888 F2d 833 Burke v. United States Postal Service

888 F.2d 833

Julian W. BURKE, Petitioner,

No. 89-3225.

United States Court of Appeals,
Federal Circuit.

Oct. 31, 1989.

Roger Guevara, Guevara & Milam, P.C., of San Antonio, Tex., submitted for petitioner.

David G. Karro, Atty. and Jesse L. Butler, Asst. Gen. Counsel, Office of Labor Law, Washington, D.C., submitted for respondent.

Before NEWMAN, BISSELL, and MICHEL, Circuit Judges.

BISSELL, Circuit Judge.

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Julian W. Burke, a non-preference eligible employee with the United States Postal Service (Postal Service), filed a grievance pursuant to the collective bargaining agreement between the Laborers' International Union of North America Mail Handlers Division and the Postal Service, after he was removed for unsatisfactory attendance. The arbitrator denied the grievance, determining that the removal was not unreasonable, and Burke petitioned this court for review. We dismiss Burke's petition for lack of jurisdiction.




This court has "exclusive jurisdiction ... of an appeal from a final order or final decision of the Merit Systems Protection Board, pursuant to sections 7703(b)(1) and 7703(d) of title 5." 28 U.S.C. Sec. 1295(a)(9) (1982). However, 5 U.S.C. Sec. 7121(f) (1988) is our sole jurisdictional grant for review of an arbitrator's award. That section authorizes the same review for arbitration awards under a negotiated grievance procedure pursuant to section 7121(a) as that available for decisions of the Merit Systems Protection Board. 5 U.S.C. Sec. 7121(f).


As is clear from the language of 5 U.S.C. Sec. 7111 (1988), and implicit in the reasoning adopted by this court in Bacashihua v. Merit System Protection Board, 811 F.2d 1498, 1501-02 (Fed.Cir.1987), the negotiated grievance procedures authorized by section 7121(a) are limited to those between agencies and labor organizations. An agency for purposes of section 7121(a) is defined as an "[e]xecutive agency." 5 U.S.C. Sec. 7103(a)(3) (1988). The Postal Service is an independent establishment of the executive branch rather than an executive agency. 39 U.S.C. Sec. 201 (1982). Because the Postal Service is not an executive agency, Burke's arbitration award was not the result of a negotiated grievance procedure authorized by section 7121(a). Therefore, section 7121, on its face, does not empower this court to entertain an appeal of an arbitrator's award pursuant to a Postal Service collective bargaining agreement. See Bacashihua, 811 F.2d at 1501.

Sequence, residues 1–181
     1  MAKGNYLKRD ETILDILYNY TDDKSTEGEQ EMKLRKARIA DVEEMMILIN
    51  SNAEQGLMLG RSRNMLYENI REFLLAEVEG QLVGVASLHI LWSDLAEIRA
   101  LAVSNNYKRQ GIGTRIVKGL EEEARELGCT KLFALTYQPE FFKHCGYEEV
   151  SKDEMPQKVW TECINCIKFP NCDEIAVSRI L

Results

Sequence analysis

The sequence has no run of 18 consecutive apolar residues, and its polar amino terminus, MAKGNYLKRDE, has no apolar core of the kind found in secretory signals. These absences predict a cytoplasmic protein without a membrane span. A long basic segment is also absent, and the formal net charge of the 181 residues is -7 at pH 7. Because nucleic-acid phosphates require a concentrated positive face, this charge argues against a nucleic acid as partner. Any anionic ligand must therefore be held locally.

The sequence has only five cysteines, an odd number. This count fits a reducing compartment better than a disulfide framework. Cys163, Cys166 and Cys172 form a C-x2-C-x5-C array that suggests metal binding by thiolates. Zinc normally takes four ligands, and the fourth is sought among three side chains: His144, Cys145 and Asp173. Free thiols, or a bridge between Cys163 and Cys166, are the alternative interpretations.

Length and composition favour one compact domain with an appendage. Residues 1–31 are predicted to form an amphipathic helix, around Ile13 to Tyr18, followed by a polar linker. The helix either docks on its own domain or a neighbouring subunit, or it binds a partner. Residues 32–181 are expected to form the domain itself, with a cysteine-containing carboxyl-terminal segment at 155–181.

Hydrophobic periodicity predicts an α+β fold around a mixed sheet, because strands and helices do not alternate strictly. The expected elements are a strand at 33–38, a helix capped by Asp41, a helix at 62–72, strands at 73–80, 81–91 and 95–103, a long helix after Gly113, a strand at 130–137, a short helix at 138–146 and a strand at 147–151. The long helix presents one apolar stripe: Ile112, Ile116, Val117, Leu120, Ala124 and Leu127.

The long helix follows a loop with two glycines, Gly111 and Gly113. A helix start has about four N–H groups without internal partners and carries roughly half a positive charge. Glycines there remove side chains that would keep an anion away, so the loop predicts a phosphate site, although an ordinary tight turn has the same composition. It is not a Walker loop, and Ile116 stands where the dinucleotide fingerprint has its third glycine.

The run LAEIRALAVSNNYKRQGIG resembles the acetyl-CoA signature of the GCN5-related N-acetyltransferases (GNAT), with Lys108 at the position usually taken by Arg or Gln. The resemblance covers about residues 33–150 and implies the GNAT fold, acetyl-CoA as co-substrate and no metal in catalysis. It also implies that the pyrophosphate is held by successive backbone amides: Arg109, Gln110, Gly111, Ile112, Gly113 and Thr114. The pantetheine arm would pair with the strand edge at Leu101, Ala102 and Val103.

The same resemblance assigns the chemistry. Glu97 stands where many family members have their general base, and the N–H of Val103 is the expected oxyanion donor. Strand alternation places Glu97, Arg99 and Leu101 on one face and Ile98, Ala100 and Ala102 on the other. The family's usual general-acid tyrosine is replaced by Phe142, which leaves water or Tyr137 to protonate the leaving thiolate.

Furthermore, the Postal Reorganization Act (PRA), Pub.L. No. 91-375, 84 Stat. 719 (1970), does not make section 7121 applicable to Postal Service employees. "The PRA established the Postal Service as an independent establishment of the executive branch with very limited application of federal employee law." Bacashihua, 811 F.2d at 1501 (citing Bredehorst v. United States, 230 Ct.Cl. 399, 677 F.2d 87, 88-89 (1982)). Section 1005(a) of the PRA provides that chapter 75 of title 5, regarding review of adverse actions, shall apply to postal employees "except to the extent of any inconsistency with ... the provisions of any collective-bargaining agreement negotiated on behalf of and applicable to them." 39 U.S.C. Sec. 1005(a) (1982). Additionally, nonpreference eligible postal employees covered by a collective bargaining agreement are limited to the grievance procedures provided by that agreement. See Winston v. United States Postal Serv., 585 F.2d 198, 206 (7th Cir.1978). Article 15.4, paragraph A6, of the collective bargaining agreement at issue here provides that "[a]ll decisions of an arbitrator will be final and binding." Because no provision of the pertinent statutes makes section 7121 applicable to nonpreference eligible employees of the Postal Service, we are without jurisdiction over this appeal. Bacashihua, 811 F.2d at 1501.



Under 28 U.S.C. Sec. 1631 (1982), if we lack jurisdiction over an appeal, we must transfer the case to a court in which the "appeal could have been brought at the time it was filed" if the transfer is in "the interest of justice." Our companion circuits have consistently held that nonpreference eligible Postal Service employees who avail themselves of a collective bargaining agreement's grievance review procedures are subject to any agreement provision making the arbitrator's decision final and binding. See Smith v. Daws, 614 F.2d 1069, 1073 (5th Cir.1980); Abernathy v. United States Postal Serv., 740 F.2d 612, 617 (8th Cir.1984). We conclude that the interests of justice would not be served by a transfer of Burke's petition. Accordingly, the petition for review of the arbitrator's decision is dismissed.